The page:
Before this past April, I had never lived alone.
Nor has my brother. Nor my sister. Nor most of the close friends I polled today; two did for one month. I do have a friend who told me months ago that she lived alone for about a year and it was an enlightening experience. I also know two inspirational women living alone in their retirement (one divorced, one—possibly my future self—a self-professed “cat lady”).
I don’t think I actively avoided living alone. The circumstances (e.g. relationship status, financial stability) never quite aligned to make such an option a viable consideration.
First, I lived with my parents, as it goes. I shared my college dorm with five suitemates, then shared apartments with some of those same wonderful ladies. Afterward, my then-partner and I moved into her mother’s basement. When we saved a little money, we got our own place.
But now, for the first time, it’s just me.
Don’t get me wrong; I consciously chose this. There are plenty of roommate locator resources available and I even looked into a few ads. But part of me really wanted to know… what’s it like?
I’m an excellent student, but “how to be alone” is one lesson no human being can teach another.
I got a little, affordable place. It has its quirks (pink tile bathroom, really!? I semi-recovered it with a cherry blossom shower curtain), but it’s a nice community overall. I have chosen everything about the space very carefully and slowly, with a humble budget and without others’ opinions unless I request them.
I have minimalist tendencies and want to maintain my mobility—in the likely event that I move to another city within a year or two… contingent upon my career, which is going so well here—but the space is pretty bare even by my standards. (See also: the Toast.) I could certainly use a television stand and a bed frame, but I splurged on a very nice mattress.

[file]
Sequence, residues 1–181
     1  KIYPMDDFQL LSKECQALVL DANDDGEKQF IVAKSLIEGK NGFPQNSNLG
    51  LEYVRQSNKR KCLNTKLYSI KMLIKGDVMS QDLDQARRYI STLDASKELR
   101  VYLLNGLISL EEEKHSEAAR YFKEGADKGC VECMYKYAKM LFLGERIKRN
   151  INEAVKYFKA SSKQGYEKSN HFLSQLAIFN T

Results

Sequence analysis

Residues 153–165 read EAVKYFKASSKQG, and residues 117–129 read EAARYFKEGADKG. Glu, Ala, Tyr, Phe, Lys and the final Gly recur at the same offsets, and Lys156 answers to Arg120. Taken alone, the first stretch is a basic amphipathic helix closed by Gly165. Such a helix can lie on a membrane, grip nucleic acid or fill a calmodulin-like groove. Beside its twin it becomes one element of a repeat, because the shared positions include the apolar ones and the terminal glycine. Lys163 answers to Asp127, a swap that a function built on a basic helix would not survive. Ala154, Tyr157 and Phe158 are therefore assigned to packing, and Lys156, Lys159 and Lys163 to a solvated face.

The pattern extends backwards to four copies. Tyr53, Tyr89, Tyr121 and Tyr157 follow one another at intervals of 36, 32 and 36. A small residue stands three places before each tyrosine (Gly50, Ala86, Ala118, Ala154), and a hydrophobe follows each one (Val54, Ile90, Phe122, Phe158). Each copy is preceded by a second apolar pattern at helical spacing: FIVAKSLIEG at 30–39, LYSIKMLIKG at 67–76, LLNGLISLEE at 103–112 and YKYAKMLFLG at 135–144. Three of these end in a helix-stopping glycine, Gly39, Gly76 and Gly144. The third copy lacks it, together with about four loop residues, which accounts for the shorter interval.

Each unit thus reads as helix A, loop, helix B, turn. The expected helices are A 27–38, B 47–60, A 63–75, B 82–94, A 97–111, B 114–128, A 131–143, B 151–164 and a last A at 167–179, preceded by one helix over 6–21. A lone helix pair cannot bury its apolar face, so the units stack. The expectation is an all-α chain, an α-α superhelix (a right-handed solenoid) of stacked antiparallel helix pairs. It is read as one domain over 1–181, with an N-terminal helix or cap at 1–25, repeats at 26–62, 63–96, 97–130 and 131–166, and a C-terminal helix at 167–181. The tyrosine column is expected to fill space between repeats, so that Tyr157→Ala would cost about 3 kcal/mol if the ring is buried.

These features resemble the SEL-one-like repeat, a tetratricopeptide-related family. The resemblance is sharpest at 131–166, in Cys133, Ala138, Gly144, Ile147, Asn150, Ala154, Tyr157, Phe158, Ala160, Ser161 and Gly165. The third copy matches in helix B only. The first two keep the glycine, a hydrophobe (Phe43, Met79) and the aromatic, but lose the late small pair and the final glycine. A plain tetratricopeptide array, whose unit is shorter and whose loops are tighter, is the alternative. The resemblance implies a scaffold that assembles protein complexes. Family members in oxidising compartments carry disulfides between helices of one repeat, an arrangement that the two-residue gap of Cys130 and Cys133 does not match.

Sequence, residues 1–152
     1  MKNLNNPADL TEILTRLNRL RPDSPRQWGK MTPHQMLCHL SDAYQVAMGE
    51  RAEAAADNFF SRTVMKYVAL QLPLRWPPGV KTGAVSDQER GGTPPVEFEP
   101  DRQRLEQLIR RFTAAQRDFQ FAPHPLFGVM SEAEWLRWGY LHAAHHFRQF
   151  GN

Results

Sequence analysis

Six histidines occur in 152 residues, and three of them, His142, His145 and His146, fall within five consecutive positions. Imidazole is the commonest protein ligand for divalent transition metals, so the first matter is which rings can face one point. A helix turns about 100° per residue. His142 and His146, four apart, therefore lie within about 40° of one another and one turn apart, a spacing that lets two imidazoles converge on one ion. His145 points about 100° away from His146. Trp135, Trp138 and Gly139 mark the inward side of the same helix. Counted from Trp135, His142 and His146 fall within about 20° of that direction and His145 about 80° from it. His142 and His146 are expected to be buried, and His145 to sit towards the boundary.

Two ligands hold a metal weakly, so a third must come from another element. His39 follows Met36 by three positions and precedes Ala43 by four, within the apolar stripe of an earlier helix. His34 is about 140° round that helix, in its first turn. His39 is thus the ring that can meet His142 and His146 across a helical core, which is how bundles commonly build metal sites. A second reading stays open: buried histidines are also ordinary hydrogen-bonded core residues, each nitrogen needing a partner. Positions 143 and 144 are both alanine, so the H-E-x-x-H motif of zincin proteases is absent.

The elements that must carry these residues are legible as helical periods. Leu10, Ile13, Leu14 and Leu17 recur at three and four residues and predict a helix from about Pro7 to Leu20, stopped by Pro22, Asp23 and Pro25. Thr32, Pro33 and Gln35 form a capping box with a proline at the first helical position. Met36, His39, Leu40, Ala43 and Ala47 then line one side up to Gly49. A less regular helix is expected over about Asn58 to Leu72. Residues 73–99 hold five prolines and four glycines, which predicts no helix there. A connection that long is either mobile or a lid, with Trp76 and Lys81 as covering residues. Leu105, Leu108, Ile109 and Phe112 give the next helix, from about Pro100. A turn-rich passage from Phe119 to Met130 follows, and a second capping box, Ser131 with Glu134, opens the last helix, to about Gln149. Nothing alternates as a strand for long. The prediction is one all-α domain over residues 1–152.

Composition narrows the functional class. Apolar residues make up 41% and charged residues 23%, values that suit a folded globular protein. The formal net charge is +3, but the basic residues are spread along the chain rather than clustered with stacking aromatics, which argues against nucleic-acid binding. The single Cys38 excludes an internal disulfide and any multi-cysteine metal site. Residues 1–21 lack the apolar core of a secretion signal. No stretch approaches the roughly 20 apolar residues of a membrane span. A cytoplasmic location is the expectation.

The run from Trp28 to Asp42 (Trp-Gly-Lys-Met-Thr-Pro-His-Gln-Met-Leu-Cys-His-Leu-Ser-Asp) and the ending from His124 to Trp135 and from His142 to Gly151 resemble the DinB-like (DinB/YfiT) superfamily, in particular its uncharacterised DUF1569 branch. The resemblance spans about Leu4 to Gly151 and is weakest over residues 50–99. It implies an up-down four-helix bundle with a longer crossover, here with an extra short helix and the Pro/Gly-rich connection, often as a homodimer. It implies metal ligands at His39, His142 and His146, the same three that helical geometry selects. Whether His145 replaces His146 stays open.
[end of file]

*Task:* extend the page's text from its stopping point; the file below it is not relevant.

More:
Not to mention, I’m borrowing some of the furniture. Still, what little I’ve acquired was given meticulous consideration. “After all,” I continue to ask myself, “how often will I have the opportunity to restart my life, to discover and reinvent myself honestly, without outside influence?”
After only three months, I can say that nearly everything you’re likely to find online in a “Top 10” article about living alone is true. The pros and cons are easy enough to brainstorm even without the hands-on experience. I researched thoroughly prior to signing a lease. I probably would have been a bit more anxious about it, but I was a little devil-may-care at the time. Still, I was informed.
I knew what I was in for when I signed the lease. But it is incredibly different, somehow, to go through with it day-in and day-out.
Actually, I don’t notice much of a difference on weekdays. Admittedly, it can be jarring after a silly or spooky moment to turn around and remember that nobody witnessed it. (It’s especially frustrating when those little moments don’t quite translate into stories-worth-sharing-later.)